# 2. Returns those screen_names in an array
#   ['user1','user2']

So, map will load the entire array, then iterate to collect the screen_names. Alternatively, pluck asks the database for exactly what it needs and returns an array of just those items. Once again, performance is gained and less memory is used for large datasets (like production).

Now, we have two fairly efficient queries. How do we transform it into just one efficient query. In the past, I would drop down into Arel, or just give up and write SQL. However, thanks to a recent blog post, (Rails: Don’t “pluck” Unnecessarily), I now have another option.

So the new rule is "think twice before you use pluck". Any time you use pluck you should consider using select instead. Lets look at select and how it works.

User.where(email: ['jane@example.com', 'john@example.com']).select(:screen_name)

# 1. Queries database for only screen_names
#   SELECT "users"."screen_names" FROM "users" WHERE "users"."email" IN ('jane@example.com','john@example.com')

# 2. Returns and array of User instances with only the "screen_name" populated
#   [<#User:0x007fbf6413c510>,<#User:0x007fbf65ab1c70>]

Ok, well that seems less efficient than pluck, and it is, until you pass it into a where clause.

# Using `pluck` with a `where`
emails =  ['jane@example.com', 'john@example.com']
User.where(screen_name: User.where(email: emails).pluck(:screen_name)).empty?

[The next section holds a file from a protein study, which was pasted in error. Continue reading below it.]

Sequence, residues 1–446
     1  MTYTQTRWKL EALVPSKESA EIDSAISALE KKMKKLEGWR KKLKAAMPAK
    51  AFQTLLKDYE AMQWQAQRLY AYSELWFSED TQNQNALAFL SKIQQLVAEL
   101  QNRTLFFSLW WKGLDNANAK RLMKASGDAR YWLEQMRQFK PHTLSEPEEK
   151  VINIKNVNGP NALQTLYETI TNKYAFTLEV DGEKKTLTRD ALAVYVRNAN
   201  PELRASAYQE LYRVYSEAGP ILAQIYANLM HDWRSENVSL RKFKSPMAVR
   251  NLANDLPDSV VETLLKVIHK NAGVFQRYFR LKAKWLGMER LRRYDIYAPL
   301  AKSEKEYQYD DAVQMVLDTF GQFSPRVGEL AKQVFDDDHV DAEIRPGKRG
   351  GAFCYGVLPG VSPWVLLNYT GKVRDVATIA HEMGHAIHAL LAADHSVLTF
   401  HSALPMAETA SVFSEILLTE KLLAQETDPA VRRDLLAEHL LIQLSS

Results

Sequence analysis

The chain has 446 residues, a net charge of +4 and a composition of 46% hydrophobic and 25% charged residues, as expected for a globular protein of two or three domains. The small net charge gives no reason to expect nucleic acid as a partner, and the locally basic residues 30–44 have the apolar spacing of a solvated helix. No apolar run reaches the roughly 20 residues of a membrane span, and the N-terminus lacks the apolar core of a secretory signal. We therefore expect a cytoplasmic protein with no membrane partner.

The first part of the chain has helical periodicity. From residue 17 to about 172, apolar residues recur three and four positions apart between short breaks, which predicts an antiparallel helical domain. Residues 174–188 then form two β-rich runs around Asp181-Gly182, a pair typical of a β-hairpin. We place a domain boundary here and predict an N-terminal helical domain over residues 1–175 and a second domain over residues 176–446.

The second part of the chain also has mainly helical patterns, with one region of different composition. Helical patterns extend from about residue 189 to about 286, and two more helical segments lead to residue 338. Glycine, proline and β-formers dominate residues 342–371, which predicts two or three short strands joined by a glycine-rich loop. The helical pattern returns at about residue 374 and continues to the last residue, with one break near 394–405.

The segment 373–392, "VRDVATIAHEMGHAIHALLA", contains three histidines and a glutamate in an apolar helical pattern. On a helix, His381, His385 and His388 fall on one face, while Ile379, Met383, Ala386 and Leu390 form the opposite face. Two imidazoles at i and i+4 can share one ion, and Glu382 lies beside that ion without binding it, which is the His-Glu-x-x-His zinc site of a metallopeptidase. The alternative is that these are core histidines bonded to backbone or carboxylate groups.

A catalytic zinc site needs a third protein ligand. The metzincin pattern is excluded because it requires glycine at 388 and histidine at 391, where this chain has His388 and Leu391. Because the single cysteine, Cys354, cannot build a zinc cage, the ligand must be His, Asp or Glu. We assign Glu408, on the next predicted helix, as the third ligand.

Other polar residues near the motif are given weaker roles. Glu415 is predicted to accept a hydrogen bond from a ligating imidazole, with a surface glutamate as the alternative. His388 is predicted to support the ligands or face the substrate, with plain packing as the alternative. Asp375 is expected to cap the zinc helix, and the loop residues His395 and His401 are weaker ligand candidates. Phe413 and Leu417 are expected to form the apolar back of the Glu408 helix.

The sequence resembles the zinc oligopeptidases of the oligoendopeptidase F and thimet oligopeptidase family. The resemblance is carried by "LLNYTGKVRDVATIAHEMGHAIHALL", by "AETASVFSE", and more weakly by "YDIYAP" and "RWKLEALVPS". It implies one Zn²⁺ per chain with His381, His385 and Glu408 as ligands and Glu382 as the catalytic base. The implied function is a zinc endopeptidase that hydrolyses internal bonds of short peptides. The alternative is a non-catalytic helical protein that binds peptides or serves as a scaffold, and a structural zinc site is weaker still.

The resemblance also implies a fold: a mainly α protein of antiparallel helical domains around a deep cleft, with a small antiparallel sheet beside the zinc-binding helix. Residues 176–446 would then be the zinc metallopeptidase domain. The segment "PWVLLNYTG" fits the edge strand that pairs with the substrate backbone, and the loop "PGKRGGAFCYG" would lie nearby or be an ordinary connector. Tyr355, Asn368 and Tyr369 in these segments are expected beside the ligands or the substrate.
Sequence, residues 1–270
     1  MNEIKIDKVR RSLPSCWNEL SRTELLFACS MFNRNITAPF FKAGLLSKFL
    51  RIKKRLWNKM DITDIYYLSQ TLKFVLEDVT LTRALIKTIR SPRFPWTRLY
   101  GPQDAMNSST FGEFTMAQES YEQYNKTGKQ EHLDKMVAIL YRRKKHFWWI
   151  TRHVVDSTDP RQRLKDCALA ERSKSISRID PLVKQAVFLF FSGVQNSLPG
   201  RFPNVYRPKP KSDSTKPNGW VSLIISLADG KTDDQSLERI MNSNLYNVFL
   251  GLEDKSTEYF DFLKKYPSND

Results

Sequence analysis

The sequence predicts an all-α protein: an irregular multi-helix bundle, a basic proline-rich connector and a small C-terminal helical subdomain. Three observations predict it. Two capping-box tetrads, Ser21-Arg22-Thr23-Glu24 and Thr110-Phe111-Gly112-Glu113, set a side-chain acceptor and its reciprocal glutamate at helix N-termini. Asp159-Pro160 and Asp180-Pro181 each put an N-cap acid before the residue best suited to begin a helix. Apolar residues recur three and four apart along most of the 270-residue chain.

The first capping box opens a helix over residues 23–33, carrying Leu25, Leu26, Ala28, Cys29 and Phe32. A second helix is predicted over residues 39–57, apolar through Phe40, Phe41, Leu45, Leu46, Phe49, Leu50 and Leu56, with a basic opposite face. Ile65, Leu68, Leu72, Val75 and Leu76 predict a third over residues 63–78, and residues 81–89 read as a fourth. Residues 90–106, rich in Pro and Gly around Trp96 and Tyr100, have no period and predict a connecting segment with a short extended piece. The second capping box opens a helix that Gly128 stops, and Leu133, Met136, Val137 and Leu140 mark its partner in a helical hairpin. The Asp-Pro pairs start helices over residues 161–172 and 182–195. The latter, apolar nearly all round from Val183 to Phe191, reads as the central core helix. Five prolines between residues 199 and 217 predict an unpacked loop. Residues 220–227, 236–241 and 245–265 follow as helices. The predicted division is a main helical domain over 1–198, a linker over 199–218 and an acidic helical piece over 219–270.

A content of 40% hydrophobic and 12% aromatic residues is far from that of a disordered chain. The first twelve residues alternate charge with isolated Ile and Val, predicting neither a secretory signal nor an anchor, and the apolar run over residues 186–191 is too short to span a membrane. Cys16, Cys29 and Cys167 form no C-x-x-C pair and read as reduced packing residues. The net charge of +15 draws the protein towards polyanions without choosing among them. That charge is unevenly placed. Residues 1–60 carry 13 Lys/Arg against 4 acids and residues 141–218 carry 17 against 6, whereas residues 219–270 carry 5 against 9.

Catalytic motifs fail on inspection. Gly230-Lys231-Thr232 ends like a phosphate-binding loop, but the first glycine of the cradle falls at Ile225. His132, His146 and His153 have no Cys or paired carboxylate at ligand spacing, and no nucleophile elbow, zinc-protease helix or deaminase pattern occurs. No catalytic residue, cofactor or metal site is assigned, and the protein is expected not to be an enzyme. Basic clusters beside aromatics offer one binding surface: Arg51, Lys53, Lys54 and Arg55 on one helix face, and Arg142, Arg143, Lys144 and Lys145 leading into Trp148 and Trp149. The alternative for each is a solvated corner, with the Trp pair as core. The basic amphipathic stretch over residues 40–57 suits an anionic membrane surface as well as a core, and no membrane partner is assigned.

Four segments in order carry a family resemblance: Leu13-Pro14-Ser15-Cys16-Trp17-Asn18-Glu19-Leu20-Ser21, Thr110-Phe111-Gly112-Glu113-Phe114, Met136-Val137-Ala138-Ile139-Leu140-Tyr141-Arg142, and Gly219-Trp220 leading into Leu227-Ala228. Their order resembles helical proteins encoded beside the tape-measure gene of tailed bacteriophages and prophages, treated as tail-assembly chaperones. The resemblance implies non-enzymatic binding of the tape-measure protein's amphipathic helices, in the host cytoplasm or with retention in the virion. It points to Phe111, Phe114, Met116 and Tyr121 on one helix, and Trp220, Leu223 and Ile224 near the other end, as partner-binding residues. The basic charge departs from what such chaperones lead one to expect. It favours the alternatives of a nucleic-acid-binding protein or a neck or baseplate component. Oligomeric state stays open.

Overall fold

# 1. Queries for just the emails
#   SELECT "users"."email" FROM "users" WHERE "users"."email" IN ('jane@example.com','john@example.com')

# 2. Queries for the count
#  SELECT COUNT(*) FROM "users" WHERE "users"."screen_name" IN ('user1','user2')

# Checks if the count is zero
# => true
# Using `select` with a `where`
emails =  ['jane@example.com', 'john@example.com']
User.where(screen_name: User.where(email: emails).select(:screen_name)).empty?

# 1. Makes one query for count with subquery
#   SELECT COUNT(*) FROM "users" WHERE "users"."screen_name" IN (
#     SELECT "users"."screen_name" FROM "users" WHERE "users"."email" IN ('jane@example.com','john@example.com')
#   )

# 2. Checks if the count is zero
# => true

And that's it!! We just saved a ton of performance and memory. Let's look at the new code and how little it changed.

class BulkUserScreenNameValidator
  attr_reader :users
  def initialize(emails)
    @users = User.where(email: emails) 
  end

  def valid?
    User.where(screen_name: users.select(:screen_name)).empty?
  end
end

Here's a reminder of the rules.

  1. Use empty? or any? instead of blank? or present?.
  2. Never use map on active record relations, use pluck instead.
  3. If you're using pluck to pass values to a where use select instead.
  • Note, email validator was updated to screen name validator. User.where(email: emails).empty? would be enough to check if emails already existed. Thanks to Pavel for pointing this out. And even in the example of a screen name validator, the query could be User.where(screen_name: screen_names).empty? I tried to pull a small piece of code from a large application, and simplify it. Unfortunately, somethings get lost in translation. So my hope is that you take away some simple rules, that can improve your application. Of course if you are doing this in your own app, please write some bench mark tests, import production data, and ensure that you are actually optimizing your code.

Posted in Rails Quick Tips and tagged with ActiveRecord Arel